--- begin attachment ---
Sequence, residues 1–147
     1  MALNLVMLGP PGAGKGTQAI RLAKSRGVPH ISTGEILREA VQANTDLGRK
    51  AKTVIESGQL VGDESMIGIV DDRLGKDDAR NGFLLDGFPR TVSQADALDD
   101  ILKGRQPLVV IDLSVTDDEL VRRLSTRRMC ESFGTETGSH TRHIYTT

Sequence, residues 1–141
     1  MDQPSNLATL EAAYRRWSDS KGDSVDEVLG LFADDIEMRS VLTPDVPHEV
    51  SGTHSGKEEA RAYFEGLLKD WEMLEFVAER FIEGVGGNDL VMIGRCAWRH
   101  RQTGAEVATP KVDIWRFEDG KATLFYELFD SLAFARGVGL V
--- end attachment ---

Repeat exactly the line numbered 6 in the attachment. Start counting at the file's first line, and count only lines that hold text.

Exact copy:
     1  MDQPSNLATL EAAYRRWSDS KGDSVDEVLG LFADDIEMRS VLTPDVPHEV